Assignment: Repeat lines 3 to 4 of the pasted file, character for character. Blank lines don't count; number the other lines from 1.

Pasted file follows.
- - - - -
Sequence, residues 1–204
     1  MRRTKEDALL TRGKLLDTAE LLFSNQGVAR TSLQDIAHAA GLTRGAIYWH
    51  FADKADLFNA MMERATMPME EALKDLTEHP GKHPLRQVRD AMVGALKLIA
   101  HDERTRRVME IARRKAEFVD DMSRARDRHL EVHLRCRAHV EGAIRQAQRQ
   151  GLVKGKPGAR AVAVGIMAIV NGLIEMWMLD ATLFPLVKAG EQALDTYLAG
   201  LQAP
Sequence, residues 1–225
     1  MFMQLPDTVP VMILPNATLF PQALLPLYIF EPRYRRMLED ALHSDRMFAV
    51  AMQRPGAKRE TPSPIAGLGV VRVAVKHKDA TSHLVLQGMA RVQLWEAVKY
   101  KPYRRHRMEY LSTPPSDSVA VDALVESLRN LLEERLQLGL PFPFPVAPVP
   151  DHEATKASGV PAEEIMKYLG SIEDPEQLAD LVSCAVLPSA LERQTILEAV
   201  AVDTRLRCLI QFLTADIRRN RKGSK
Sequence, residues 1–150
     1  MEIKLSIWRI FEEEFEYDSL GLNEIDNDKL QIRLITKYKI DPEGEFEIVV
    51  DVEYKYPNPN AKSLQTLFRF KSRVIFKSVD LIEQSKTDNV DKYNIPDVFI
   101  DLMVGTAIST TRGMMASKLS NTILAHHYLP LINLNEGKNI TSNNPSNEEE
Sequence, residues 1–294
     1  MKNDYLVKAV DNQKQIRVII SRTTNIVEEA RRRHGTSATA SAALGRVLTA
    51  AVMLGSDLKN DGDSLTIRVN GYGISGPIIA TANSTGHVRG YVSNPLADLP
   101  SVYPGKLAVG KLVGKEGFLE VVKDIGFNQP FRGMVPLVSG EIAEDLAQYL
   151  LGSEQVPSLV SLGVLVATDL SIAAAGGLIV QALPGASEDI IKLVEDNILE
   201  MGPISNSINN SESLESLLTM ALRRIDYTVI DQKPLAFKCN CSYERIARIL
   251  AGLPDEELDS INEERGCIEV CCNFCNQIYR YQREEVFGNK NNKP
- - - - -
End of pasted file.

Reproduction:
    51  FADKADLFNA MMERATMPME EALKDLTEHP GKHPLRQVRD AMVGALKLIA
   101  HDERTRRVME IARRKAEFVD DMSRARDRHL EVHLRCRAHV EGAIRQAQRQ